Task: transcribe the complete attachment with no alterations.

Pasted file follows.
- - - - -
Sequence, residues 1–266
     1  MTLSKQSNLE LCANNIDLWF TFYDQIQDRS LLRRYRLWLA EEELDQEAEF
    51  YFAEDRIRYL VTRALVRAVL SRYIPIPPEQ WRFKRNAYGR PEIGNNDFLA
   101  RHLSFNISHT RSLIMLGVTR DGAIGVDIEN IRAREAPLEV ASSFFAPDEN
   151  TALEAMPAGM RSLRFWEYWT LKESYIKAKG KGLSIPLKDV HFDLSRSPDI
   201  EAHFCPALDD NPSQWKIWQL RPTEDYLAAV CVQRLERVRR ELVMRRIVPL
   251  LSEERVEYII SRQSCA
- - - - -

Sequence, residues 1–266
     1  MTLSKQSNLE LCANNIDLWF TFYDQIQDRS LLRRYRLWLA EEELDQEAEF
    51  YFAEDRIRYL VTRALVRAVL SRYIPIPPEQ WRFKRNAYGR PEIGNNDFLA
   101  RHLSFNISHT RSLIMLGVTR DGAIGVDIEN IRAREAPLEV ASSFFAPDEN
   151  TALEAMPAGM RSLRFWEYWT LKESYIKAKG KGLSIPLKDV HFDLSRSPDI
   201  EAHFCPALDD NPSQWKIWQL RPTEDYLAAV CVQRLERVRR ELVMRRIVPL
   251  LSEERVEYII SRQSCA